Substance and solidarity, that’s what many of us desire in the wake of “evangelicalism’s” growing identity crisis. We seek something more than an amorphous and superficial spirituality driven all too often by pragmatism, consumerism, celebrity, and entertainment. Wearied by all this trendiness, a growing number of us stand by the road asking for the ancient paths (Jer 6:16). Retrieving the sign of the cross offers one potential way of both expressing cohesion with the early church and enriching the substance of our own spirituality. Yet retrieving the sign form the ancient church doesn’t mean we simply mimic our predecessors, but implies an attempt to reflect critically on how their practical piety may emerge faithfully in our own theological context. Thus, from the situation of contemporary “evangelicalism,” three main objections frame our retrieval of the sign.
A Roman Catholic Practice, Right?
Of course, Catholics sign the cross, but the origin of the practice stems from the ancient church, long before what we now call Roman Catholicism. Tertullian (ca. 150-225) witnesses to the common use of the practice in his day, implying a genesis sometime closer to the apostolic period (cf. De Corona, 3). The Eastern Fathers too, like Athanasius (ca. 296-373), Cyril of Jerusalem (ca. 313-387), and John Chrysostom (ca. 347-407) all testify to the widespread use of the sign among their churches. The tradition clearly shows Christians employing the sign over the broadest geography, centuries before the medieval church. Furthermore, the Protestant Reformation doesn’t represent a break with the ancient church, but with the abuses of the Roman Church. Therefore, Luther on the continent and Thomas Cranmer in England both retain the sign of the cross for Christian piety (cf. Book of Concord, 363-64; Book of Common Prayer 1549). Down to the present, evangelicals in the Protestant tradition like John R. W. Stott, for example, keep the ancient practice. The sign of the cross is thus “catholic” in the best sense of the word, potentially instilling a deeper sense of solidarity with the church universal.
There’s No Chapter and Verse!
Many Protestants in the Reformed tradition reject the sign of the cross on the basis of the regulative principal. Since the Bible nowhere prescribes the practice, they reason, it has no legitimate place in worship. Yet, we should remember that no single author of Scripture explicitly expounds or enjoins belief in the Trinity either. Nevertheless, every orthodox believer rightly affirms the Bible’s God is Triune. The point is that the Bible may inspire certain legitimate beliefs and practices without prescription or explicit exposition from the biblical authors. Of course, I’m not suggesting the sign of the cross emerges with the same innate canonical force as the Trinity, but it does bear some biblical warrant. Tracing the sign of the cross with my right hand from forehead to sternum and shoulder to shoulder evokes many biblical images. For example, just as signs on the forehead and hand recall God’s redemption in the Exodus (Ex 13:8-16), so the sign of the cross recalls the new exodus God achieves in Christ (1 Cor 5:7,8; John 19:32-36). Ezekiel and John’s imagery of God sealing his elect on their forehead is further suggestive (Ezek 9:15; Rev 7:3; 14:1). For the early church, the sign of the cross ultimately evokes one’s baptism, regeneration, and sealing with the Holy Spirit (e.g. John 3:1-8; Titus 3:4-6; Eph 1:13, 14). The sign also serves as a deliberate way of putting on the “helmet of salvation” against the powers and principalities (Eph 6: 17).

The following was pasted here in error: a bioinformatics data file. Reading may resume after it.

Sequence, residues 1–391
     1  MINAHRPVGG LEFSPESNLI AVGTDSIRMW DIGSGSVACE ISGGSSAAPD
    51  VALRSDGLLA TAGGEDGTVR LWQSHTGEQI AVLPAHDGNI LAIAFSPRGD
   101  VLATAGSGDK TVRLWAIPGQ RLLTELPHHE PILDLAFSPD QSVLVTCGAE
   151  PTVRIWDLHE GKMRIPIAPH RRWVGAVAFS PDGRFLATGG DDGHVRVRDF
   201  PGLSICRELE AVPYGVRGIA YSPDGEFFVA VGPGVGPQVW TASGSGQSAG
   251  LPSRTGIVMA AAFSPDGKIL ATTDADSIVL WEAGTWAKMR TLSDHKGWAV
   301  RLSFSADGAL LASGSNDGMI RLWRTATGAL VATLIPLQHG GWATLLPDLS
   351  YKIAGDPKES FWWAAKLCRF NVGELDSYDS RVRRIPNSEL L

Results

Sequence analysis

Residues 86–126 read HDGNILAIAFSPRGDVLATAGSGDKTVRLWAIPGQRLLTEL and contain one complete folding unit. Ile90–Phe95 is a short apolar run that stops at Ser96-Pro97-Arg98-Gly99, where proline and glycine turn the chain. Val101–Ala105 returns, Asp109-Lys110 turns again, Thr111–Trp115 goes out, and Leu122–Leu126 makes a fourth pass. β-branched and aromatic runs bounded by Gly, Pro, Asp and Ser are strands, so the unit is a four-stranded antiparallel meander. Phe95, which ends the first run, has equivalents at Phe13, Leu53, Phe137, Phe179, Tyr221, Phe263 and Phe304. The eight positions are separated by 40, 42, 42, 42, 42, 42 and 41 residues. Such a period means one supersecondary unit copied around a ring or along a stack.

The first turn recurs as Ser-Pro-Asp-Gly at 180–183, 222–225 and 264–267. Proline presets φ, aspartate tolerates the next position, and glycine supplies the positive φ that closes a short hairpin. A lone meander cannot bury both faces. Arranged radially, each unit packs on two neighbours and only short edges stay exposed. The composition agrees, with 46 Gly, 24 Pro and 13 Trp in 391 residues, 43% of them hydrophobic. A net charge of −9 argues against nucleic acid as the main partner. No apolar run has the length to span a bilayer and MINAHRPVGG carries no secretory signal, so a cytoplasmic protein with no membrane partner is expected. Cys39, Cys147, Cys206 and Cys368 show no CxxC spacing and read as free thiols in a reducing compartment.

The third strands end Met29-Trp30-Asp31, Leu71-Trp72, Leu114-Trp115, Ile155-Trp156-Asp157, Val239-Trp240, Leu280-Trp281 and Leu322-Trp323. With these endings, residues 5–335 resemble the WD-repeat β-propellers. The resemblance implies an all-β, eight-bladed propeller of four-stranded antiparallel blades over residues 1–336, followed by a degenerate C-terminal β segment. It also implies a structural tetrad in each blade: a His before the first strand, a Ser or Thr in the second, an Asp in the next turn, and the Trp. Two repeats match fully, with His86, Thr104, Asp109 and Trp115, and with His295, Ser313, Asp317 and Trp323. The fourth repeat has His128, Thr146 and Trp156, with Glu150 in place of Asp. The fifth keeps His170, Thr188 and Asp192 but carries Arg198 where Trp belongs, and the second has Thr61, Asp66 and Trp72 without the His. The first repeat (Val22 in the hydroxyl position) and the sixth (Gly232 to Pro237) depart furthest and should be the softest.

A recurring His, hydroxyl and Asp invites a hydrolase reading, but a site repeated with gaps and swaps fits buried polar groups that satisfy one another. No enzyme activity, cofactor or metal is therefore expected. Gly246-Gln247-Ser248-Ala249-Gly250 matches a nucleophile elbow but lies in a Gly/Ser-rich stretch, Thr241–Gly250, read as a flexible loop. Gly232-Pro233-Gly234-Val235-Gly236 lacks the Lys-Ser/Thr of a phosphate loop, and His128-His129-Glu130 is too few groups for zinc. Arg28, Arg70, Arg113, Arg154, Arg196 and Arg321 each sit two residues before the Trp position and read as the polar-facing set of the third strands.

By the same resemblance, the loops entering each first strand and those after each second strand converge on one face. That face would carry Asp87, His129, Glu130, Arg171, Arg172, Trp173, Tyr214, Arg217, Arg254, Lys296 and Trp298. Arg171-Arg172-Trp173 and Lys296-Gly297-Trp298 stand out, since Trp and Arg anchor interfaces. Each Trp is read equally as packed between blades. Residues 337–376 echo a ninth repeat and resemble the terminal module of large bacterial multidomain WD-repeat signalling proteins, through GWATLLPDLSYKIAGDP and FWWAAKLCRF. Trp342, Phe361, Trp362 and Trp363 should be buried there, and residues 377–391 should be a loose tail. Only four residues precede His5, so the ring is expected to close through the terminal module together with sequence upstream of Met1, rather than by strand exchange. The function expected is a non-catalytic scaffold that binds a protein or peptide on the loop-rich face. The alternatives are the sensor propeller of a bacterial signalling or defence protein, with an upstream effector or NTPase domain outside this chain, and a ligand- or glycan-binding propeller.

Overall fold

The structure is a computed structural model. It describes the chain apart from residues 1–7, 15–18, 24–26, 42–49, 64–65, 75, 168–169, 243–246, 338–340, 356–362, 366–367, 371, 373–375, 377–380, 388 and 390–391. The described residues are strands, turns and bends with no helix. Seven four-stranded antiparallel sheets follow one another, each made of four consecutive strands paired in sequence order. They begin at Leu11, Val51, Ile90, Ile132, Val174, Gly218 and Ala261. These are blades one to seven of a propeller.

Superstitious Incantation, No?
Admittedly, Tertullian’s account of believers crossing themselves at every turn sounds superstitious at first glance (cf. De Corona, 3). Perhaps this is why the fathers so often stress the sign profits nothing without faith. For example, Athanasius insists the sign properly directs the eye of faith heavenward (De Incanatione, 31). Likewise, Chrysostom exhorts believers to trace the sign not merely with fingers but with the heart’s firm purpose and faith (Gospel of Matthew, Homely 54). Augustine too, warns his people about the vanity of tracing the cross without Christ and his Word abiding as intimates (Tractates on the Gospel of John, 50.2). Any religious rite may become an empty rabbit’s foot. But, just because some people employ the sign naively doesn’t mean the habit itself is superstitious. In fact, on further reflection, John Stott’s conclusion on Tertullian’s account rings true. “In origin at least, the sign of the cross was intended to identify and indeed sanctify each act as belonging to Christ” (Cross of Christ, 28). Furthermore, the dominate truth evoked by the sign among the fathers is that of Christus Victor. Tracing the cross reminds us that through the waters of baptism we share in Christ’s victory over the devil and his angels. Marked by Christ’s blood, sealed with the Spirit, we can trample on serpents and scorpions by his power. Thus, signing ourselves at the beginning and end of the day, as Luther suggested (Book of Concord, 363-64), may indeed help frame our days more deliberately under Christ’s reign.